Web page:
Introduction to OSPF

(Shantel - Networklessons.com) split this topic #39

19 posts were merged into an existing topic: Introduction to OSPF

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(Rene Molenaar) #40

Hi Anand,

One of the major differences between BGP and any of the IGPs (RIP, OSPF, EIGRP, IS-IS) is that BGP always uses unicast. OSPF for example uses multicast on multi-access networks and has autodiscovery of neighbors.

Rene

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(Rosa S) #41

The way that you teach is amazing.

Thanks

 

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(Roshan K) #42

Hi Rene,

After Cisco IOS Ver 15.0 maximum paths OSPF/EIGRP can support upto has been increased to 32 paths I think. Please correct me if I am wrong, I checked this out on GNS3 7200 series router.

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(Rene Molenaar) #43

Hi Roshan,

I didn’t know that but that sounds right:

Router(config)#router eigrp 1
Router(config-router)#maximum-paths ?
<1-32> Number of paths

Router(config)#router ospf 1
Router(config-router)#maximum-paths ?
<1-32> Number of paths

Router(config)#router rip
Router(config-router)#maximum-paths ?
<1-32> Number of paths

Router#show version
Cisco IOS Software, 2800 Software (C2800NM-ADVENTERPRISEK9-M), Version 15.1(4)M10, RELEASE SOFTWARE (fc2)

Thanks for sharing!

Rene

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(Hussein Samir) #44

Hi Rene,

I have several questions :-

1 - Can we have ABR between sub areas or the ABR must be only between backbone area and sub areas ?
2 - Can we have the ASBR in sub areas or the ASBR must be only in the backbone area ?
3 - What is the different between saves address space and used address space that you mentioned in the advertisement of loopback interface addresses ? I did not understand that and I have some ambiguity at this point ? can you explain it to me in detail please ?
4 - what is the benefit of sharing information with OSPF hello packets like Router ID, neighbors, DR and BDR IP address, router priority ?

 

thanks.

Hussein Smaeer

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(Rene Molenaar) #45

Hi Hussein,

  1. You can't have an ABR between two areas since all areas have to be directly connected to the backbone. It is possible to have an ABR that has an interface in the backbone area and two different areas but it won't be an ABR between area 1 and 2.
  2. You can have an ASBR in any of the areas except for stub and totally stub areas.
  3. OSPF prefers to use the IP address on a loopback interface as its router ID. We can choose if we advertise the loopback interface in OSPF or not, that's it.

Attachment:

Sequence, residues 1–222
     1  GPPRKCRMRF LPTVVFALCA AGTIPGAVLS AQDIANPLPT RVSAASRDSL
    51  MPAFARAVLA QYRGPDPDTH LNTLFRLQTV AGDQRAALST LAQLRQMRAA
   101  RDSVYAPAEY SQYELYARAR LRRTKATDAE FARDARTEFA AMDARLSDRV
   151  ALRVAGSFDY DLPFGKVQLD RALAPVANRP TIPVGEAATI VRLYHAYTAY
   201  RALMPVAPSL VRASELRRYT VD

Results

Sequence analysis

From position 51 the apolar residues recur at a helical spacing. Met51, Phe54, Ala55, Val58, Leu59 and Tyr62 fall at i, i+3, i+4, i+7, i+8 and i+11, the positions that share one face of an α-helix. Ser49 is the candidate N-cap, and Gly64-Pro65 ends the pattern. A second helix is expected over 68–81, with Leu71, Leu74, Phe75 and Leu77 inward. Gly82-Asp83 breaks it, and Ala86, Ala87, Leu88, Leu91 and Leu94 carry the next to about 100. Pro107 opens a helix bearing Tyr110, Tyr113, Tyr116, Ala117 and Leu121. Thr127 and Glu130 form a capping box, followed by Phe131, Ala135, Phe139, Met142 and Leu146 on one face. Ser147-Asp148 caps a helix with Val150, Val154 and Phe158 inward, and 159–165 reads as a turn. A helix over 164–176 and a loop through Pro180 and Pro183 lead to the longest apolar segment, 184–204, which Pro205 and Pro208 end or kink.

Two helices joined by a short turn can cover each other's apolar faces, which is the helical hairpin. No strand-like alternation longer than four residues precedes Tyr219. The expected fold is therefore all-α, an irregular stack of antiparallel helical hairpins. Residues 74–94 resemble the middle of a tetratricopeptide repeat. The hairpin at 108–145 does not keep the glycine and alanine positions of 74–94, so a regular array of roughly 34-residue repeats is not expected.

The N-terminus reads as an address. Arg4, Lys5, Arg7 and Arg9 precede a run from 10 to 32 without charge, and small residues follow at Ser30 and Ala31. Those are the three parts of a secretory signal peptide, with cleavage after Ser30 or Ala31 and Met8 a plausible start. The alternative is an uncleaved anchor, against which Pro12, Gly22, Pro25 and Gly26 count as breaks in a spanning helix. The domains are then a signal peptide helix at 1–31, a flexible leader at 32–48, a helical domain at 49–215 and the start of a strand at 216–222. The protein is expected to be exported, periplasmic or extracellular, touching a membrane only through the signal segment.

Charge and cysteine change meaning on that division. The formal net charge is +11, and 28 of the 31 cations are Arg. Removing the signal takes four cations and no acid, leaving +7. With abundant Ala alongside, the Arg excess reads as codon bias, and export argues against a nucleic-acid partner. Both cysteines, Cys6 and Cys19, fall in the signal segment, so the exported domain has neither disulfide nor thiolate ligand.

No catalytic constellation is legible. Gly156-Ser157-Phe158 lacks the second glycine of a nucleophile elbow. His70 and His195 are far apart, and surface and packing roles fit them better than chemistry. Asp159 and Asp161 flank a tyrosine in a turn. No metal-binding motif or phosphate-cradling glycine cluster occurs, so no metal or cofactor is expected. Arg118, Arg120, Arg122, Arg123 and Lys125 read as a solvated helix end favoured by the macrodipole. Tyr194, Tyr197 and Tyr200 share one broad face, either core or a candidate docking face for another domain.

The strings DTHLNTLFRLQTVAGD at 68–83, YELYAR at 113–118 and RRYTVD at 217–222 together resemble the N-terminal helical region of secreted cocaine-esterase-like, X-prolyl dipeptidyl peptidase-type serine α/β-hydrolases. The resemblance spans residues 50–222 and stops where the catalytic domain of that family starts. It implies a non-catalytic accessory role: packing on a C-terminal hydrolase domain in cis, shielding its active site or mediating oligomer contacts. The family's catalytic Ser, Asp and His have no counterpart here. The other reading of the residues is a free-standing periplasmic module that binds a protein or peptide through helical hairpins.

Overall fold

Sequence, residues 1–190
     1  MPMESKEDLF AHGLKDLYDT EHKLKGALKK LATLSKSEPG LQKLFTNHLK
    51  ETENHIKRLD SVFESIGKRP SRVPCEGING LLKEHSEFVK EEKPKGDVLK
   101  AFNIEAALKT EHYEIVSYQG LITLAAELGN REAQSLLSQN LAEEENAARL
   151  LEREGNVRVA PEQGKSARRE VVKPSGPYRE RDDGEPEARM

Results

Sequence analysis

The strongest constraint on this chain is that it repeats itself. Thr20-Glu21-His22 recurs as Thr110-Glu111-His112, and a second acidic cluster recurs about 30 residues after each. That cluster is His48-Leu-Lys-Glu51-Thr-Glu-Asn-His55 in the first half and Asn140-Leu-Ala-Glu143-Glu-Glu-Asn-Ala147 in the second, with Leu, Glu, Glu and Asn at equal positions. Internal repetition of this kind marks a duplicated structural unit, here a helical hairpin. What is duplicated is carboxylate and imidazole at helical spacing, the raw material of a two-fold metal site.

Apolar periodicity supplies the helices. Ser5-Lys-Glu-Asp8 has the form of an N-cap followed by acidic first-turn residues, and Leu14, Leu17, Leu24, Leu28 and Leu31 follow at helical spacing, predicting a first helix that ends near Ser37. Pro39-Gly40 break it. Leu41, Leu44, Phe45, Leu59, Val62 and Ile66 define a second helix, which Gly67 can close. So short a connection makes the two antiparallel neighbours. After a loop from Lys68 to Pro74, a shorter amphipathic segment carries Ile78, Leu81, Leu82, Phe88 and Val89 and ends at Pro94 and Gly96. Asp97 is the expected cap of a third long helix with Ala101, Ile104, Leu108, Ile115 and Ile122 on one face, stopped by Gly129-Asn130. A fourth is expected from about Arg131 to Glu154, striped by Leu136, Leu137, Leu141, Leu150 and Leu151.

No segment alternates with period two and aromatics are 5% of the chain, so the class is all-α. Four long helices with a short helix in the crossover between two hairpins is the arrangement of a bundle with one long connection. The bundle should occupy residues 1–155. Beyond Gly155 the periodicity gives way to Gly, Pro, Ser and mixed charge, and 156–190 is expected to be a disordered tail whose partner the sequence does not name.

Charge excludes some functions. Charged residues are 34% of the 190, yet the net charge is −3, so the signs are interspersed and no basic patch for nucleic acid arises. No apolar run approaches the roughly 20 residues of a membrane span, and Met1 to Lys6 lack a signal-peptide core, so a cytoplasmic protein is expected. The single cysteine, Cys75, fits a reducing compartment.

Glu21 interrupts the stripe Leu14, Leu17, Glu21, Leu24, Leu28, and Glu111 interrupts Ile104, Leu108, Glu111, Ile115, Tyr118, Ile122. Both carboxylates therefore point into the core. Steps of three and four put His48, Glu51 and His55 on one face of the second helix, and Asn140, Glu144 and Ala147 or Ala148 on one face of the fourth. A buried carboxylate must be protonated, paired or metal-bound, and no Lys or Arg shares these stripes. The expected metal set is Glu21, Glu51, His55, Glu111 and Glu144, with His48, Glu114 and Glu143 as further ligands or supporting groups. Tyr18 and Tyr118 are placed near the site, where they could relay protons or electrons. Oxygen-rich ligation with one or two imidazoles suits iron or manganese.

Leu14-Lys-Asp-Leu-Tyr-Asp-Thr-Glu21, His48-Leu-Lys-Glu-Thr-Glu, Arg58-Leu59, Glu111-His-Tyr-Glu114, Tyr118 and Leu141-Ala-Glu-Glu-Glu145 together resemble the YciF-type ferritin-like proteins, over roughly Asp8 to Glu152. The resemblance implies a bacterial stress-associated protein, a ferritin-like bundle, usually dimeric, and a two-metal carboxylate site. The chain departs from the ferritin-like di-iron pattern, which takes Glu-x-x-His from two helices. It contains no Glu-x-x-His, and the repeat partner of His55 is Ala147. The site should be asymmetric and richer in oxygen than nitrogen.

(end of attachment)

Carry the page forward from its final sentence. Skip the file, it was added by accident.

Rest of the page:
4. Some of the items in the hello packet have to match before we become neighbors, like the area number and area type (stub, totally stub, nssa, totally nssa). Other things are used during the establishment of the neighbor adjacency. We need to figure out which router will become DR/BDR, who starts the exchange of LSAs first, etc.
Rene
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(Hussein Samir) #46

Thanks Rene,

Can we change the backbone area or the backbone area must be always area 0 ?

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(Rene Molenaar) #47

Hi Hussein,

Area 0 is the backbone area by design, you can’t change it.

If you run single area OSPF then it’s no problem to use another area number though.

Rene

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(Praveen Kumar K) #48

Hi Rene,

Very nice intro to OSPF. I have one question:

we know that the ABR floods a type 3 LSA for every router LSA or network LSA from one area to the other.

type 3 LSA just has the network address info. how do other details like different interfaces connected to the router be advertised accross to other areas.

I get this doubt since each router LSA can have multiple links and how all these are advertised by the ABR

not sure if I have made some sense in that question :slight_smile:

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(Rene Molenaar) #49

Hi Praveen,

You won’t find this in LSA type 3. The only thing it carries is the network and the advertising router, that’s it. Keep in mind that OSPF behaves like a distance vector protocol between areas. We only know the topology of our own area, not from other areas.

Rene

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(Davis W) #50

Happy new year Rene,

Very good explanation!

Davis

 

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(UDAYAKUMAR G) #51

Hi Rene,

I have completely read your OSPF sessions and its so easy to learn and made me interest to learn all others topics as well. Thanks a lot for your lessons.

I have some queries. Please clear me.

OSPF normally use area 0 as backbone. Please help me in knowing the reason behind this design.

I have read in some book that, one of the reason for designing area0 as backbone in ospf is for loop prevention.

Can you please explain 1) How area 0 concept is helpful to avoid loops inside ospf network.

  1. What all other benefits of area0 methodology.
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(Rene Molenaar) #52

Hi Udayakumar,